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Are you secretly damaging your notebook? Notebooks are amazingly durable machines, but they have their limits.
In the hustle and bustle of work on the go, notebooks often bear the brunt of unfavorable temperatures, spilled beverages and a little rough housing. While manufacturers are constantly working to improve the durability of our notebooks, the truth is that they're not made of titanium, so it's important to keep these limitations in mind. Otherwise, reckless handling of your notebook could significantly decrease the computer's lifespan.
If you want your notebook to last as long as it should, make sure you’re taking the proper precautions.
You probably know that you shouldn’t allow your notebook to get too hot, but do you know its perfect temperature?
If your notebook gets too hot, the delicate components inside will fry. The hard-disk drive, which features small platters, is especially vulnerable. A cooling pad is essential, especially if you rely on your notebook computer. Notebooks running above 95 degrees are deemed “uncomfortable” by LAPTOP Magazine. At that point, the internal fans struggle to keep the hardware cool.
Similarly, notebooks don't function well in extreme cold. If it's been out in the cold, let it reach room temperature before you turn it on and start using it. In fact, if you suspect your computer has gotten too hot or too cold, let it sit for about half an hour so it reaches its normal functioning temperature.
Moisture is another worry. Condensation may form inside the notebook as it returns to room temperature. If it's extremely cold, frost may form. Wipe down the outer casing first, and then make sure there's no moisture on the keyboard or the screen.
S Hogan, a writer for Tech Talk, says, “To clean the screen, I use plain water, and in fact I try to use distilled water because it has no salts. I usually just use bottled drinking water. I’m sure to only moisten the cloth so no water drips down onto the computer, and I also never use paper towels because of the lint.” Never turn on your notebook if there's any moisture.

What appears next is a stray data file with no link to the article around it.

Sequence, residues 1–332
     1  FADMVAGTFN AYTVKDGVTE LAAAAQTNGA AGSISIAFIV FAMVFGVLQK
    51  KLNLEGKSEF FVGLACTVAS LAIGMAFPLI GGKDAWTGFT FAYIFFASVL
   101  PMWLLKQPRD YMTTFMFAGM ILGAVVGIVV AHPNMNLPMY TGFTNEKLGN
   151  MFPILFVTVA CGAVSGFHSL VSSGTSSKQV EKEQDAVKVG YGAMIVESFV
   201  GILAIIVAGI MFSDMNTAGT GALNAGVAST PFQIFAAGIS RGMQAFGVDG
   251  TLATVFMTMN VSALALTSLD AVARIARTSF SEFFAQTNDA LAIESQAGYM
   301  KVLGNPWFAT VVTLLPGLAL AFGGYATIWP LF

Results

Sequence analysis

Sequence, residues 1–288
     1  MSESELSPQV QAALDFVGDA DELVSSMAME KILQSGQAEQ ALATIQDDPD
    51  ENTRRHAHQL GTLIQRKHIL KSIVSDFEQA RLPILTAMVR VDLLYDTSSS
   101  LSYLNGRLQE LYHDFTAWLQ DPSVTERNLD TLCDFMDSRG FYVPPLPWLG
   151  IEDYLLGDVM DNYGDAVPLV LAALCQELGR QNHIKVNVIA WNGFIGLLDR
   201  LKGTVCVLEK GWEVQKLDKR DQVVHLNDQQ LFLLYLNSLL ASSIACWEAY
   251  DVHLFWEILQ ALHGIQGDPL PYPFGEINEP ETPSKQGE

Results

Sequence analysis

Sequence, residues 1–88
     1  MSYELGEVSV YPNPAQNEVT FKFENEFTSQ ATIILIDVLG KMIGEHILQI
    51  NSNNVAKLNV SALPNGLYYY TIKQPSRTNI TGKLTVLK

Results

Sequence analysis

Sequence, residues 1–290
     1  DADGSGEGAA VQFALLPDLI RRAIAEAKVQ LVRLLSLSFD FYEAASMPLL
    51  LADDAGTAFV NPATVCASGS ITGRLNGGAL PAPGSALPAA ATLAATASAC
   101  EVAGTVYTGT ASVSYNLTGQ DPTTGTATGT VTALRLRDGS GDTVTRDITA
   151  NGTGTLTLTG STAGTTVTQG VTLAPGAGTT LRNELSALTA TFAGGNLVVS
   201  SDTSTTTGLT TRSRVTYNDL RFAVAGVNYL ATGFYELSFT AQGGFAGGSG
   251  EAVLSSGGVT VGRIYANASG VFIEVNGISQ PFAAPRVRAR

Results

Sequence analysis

If you're dealing with condensation or spilled liquid, power down your device immediately. Its internal parts are in jeopardy if it stays on while it's wet. The electricity flowing through the water is particularly damaging to the circuitry. Even with the improved durability of SSD drives in notebooks and ultrabooks, you should still do everything you can to minimize damage.
When dealing with moisture of any kind, make sure you:
The latest notebooks have excellent monitors: clear, vibrant and large. However, they're also very fragile. Whether you have an LCD monitor or something else, a protective screen guard is vital to keep your monitor free of abrasions and scratches.
Whenever you close the machine, make sure there's nothing trapped between the keyboard and the screen. When you're carrying your notebook in your bag or in a carrying case, never run with it or jostle it. Otherwise, you might open your notebook case and find a damaged display with gaping holes and spiderweb cracks.
Storing your notebook in the proper place is crucial. Again, don't keep it anywhere too hot or cold. That includes your car, especially in extreme weather. In addition to becoming overheated or getting too cold, it might tempt someone with sticky fingers. Store it in a warm, dry place, preferably in a laptop case.
Notebook computers can be incredibly durable, but if you want to stretch your investment as far as possible with all of the great laptop computer deals coming up, treat it well and compute with care.